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“The Owl House” paints a promising picture for 2020’s animation game

As many cartoon aficionados have pointed out; the current trend in Western cartoons is a kind of isekai. Isekai is an anime term that refers to the main character being sent to another world, having adventures and trying to find a way home. Usually these worlds are a place the protagonist is familiar with. That’s not really the case in the Western cartoons, but I digress.

Welcome to the Boiling Isles. Can’t wait to see the origin of this skeleton.

Infinity Trainand Amphibia are both isekais. Netflix’s newest cartoon Kipo and the Age of Wonderbeasts, which I’ll be reviewing next week, is arguably an isekai. And another show joined the trend as well.

And that is The Owl House. The overall concept is pretty simple: goofy outcast Luz finds herself in the Boiling Isles, a land from all of Earth’s myths like vampires, dragons and giraffes originate. She quickly joins the trickster witch Eda the Owl Lady and decides to become a witch apprentice.

Luz and Eda

The biggest difference between The Owl House and other isekais is that it’s established in the pilot that Luz can pretty much return home whenever she wants. She chooses not to, as the other option would be to go to “Reality Check” summer camp. 

So, there’s not the same level of concern for Luz’s safety and security. Which is a nice change of pace from the constant danger the passengers face on board the Infinity Train.

The pilot episode, “A Lying Witch and a Warden,” is fun and peppy, if a bit light on the substance. It does a good job establishing the characters and presents us with the setting. Luz reminds me a bit of Reggie from Twelve Forever, in her giddiness over this unknown magical world and lack of knowledge (or care) regarding social norms. But unlike Reggie, Luz’s passions don’t harm anyone, she isn’t annoying and it’s not about her wanting to be a child, rather keeping her fantasies.

Starting today, I’m going to be a witch’s apprentice

Her antics are far more endearing. But let’s be honest, Eda is the real star of the show. She’s boisterous, fun and is constantly trying to make a quick buck. But she genuinely cares for Luz and definitely has some kind of dark backstory.

Plus she’s voiced by Wendie Malick so she has that haughty, snobbish voice down perfectly. The two other denizens of the Owl House, Hooty the door guardian and King, Eda’s pet/roommate who is the most adorable demon you will find are both voiced the Alex Hirsch.

Luz and King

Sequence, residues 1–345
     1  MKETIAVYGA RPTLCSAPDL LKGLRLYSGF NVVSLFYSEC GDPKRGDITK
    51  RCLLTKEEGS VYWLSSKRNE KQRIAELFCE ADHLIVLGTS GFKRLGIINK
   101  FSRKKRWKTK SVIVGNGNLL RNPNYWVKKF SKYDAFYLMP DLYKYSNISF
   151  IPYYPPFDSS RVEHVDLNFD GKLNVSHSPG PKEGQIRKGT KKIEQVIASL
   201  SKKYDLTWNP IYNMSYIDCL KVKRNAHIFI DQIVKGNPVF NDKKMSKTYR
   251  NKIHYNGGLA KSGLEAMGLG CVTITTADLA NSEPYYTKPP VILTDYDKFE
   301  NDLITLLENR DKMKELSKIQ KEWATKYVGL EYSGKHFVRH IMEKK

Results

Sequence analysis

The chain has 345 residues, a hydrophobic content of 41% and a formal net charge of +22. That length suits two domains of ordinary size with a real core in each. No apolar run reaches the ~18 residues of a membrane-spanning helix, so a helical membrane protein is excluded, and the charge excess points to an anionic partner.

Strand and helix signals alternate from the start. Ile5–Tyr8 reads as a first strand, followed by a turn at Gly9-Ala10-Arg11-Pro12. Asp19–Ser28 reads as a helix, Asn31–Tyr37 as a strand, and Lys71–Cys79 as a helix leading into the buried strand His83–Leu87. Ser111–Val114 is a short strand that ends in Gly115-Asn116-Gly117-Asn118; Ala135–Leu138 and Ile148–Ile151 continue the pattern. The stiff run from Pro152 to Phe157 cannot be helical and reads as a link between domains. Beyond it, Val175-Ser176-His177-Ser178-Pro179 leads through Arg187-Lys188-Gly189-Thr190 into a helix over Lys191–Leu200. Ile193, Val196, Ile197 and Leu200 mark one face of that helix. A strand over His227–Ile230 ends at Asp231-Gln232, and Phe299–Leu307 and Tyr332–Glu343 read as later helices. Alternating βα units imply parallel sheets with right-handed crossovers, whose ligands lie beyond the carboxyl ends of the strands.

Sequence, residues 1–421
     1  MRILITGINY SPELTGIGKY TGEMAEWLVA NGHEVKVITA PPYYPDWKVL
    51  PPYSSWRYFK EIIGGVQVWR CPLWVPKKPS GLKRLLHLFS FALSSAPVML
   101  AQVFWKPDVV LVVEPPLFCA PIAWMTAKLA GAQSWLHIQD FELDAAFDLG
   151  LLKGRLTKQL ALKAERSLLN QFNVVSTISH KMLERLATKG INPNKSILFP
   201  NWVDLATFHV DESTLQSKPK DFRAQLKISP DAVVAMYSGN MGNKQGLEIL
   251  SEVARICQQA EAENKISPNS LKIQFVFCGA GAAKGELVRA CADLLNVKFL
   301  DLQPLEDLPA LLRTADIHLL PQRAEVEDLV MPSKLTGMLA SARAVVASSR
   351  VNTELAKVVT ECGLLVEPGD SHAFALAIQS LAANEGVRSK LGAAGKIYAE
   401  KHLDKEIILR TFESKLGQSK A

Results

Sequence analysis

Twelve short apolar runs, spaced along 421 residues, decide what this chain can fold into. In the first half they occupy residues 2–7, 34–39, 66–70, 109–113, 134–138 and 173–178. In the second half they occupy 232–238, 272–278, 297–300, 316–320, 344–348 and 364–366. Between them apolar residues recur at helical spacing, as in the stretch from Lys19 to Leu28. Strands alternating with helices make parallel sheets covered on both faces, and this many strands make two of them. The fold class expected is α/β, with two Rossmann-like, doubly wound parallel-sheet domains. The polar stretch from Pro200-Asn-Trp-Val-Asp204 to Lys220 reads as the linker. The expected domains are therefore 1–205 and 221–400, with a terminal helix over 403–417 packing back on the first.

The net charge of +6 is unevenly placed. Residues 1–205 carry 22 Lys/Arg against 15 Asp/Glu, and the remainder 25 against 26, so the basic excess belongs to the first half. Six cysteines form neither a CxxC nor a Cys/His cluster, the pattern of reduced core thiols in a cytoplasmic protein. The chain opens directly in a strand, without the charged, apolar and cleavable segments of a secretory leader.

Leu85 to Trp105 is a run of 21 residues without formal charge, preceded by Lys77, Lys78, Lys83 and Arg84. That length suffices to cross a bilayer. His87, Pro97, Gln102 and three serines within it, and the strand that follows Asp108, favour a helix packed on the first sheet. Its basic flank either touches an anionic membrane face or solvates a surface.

It’s an absolute delight to hear his goofy, ridiculous voice again. And because the creator of the show, Dana Terrace was a huge player on Gravity Falls, the influence of the former is pretty obvious from the art style, to the dialogue, to the pseudo-pastiche fantasy setting to the humor to the embrace the weirdness within you kind of message.

It’s good to be back, if I want to be honest. All of Hirsch’s dialogue is funny, over-the-top dialogue fits right in with aesthetic. But I do wish it had handled the theme of weirdness and individuality a little better in the pilot. Luz breaks into the castle of [Warden Wrath to retrieve King’s crown. But while there she discovers a group of [outcasts] being held prisoner for being different: writing fan fiction about fruit, or being a conspiracy theorist. That kind of thing. Naturally it ends with Luz freeing them all…and I guess this might be because it’s early on in the show and my focus is only on the pilot, but the Boiling Isles is filled with all sorts of different creatures.

Normality is relative

What qualifies as normal there? Certainly not Luz, since she’s human. But I guess I didn’t get enough sense of the setting and people to understand why these behaviors are so out of the norm for a setting we know basically nothing about.

Where this how will go, I have no idea. I haven’t seen anything about hidden messages or ciphers in the show yet, but I’m going to guess those have a good chance of showing up at some point.

I also assume that this show is going to get its footing and become less episodic as time goes on. I definitely don’t think that Warden Wrath is going to be the main villain for the entire series. There’s gotta be something more powerful out there.

Eda and King

It’s not my favorite pilot of all time but I’m definitely going to continue watching. IF only for Eda.

It’s amazing how we’re three weeks into the year, and we already have so many amazing animated shows out: this, Infinity Train: Cracked Reflection, Kipo looks very promising, and we have the final episodes of BoJack Horseman coming out soon. And there’s news that they’re finally making a second season of Made in Abyss (which I can’t believe I forgot to put on my best of the decade list).

2020 seems like it’s going to be an awesome year for animation. I cannot wait to see where this show goes. And I can’t wait to see what other stuff we get!

And that’s the scoop.


Score: 7/10


Year of release: 2020

Length: Pilot: 22 minutes

Executive Producer: Dana Terrace

Producers: Wade Wisinski,Stephen Sandoval

Editors: Kevin Locarro,Jenny Jordan, Rachel vine

Voice actors: Sarah-Nicole Robles, Wendie Malick, Alex Hirsch


If you liked this review read: Baffling? Brilliant? What the heck is “The Lego Movie 2: The Second Part?”


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